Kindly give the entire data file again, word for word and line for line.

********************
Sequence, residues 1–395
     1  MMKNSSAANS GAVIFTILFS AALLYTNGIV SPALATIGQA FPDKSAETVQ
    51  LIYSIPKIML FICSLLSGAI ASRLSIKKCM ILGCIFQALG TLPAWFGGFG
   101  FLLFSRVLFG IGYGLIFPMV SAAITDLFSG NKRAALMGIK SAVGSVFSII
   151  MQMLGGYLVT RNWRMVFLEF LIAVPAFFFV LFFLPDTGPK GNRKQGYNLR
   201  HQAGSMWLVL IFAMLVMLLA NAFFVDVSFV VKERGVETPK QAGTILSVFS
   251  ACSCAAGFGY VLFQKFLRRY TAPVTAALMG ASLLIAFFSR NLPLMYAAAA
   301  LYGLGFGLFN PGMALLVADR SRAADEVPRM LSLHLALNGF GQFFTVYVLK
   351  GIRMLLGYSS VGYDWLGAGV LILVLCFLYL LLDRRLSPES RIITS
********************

Sequence, residues 1–395
     1  MMKNSSAANS GAVIFTILFS AALLYTNGIV SPALATIGQA FPDKSAETVQ
    51  LIYSIPKIML FICSLLSGAI ASRLSIKKCM ILGCIFQALG TLPAWFGGFG
   101  FLLFSRVLFG IGYGLIFPMV SAAITDLFSG NKRAALMGIK SAVGSVFSII
   151  MQMLGGYLVT RNWRMVFLEF LIAVPAFFFV LFFLPDTGPK GNRKQGYNLR
   201  HQAGSMWLVL IFAMLVMLLA NAFFVDVSFV VKERGVETPK QAGTILSVFS
   251  ACSCAAGFGY VLFQKFLRRY TAPVTAALMG ASLLIAFFSR NLPLMYAAAA
   301  LYGLGFGLFN PGMALLVADR SRAADEVPRM LSLHLALNGF GQFFTVYVLK
   351  GIRMLLGYSS VGYDWLGAGV LILVLCFLYL LLDRRLSPES RIITS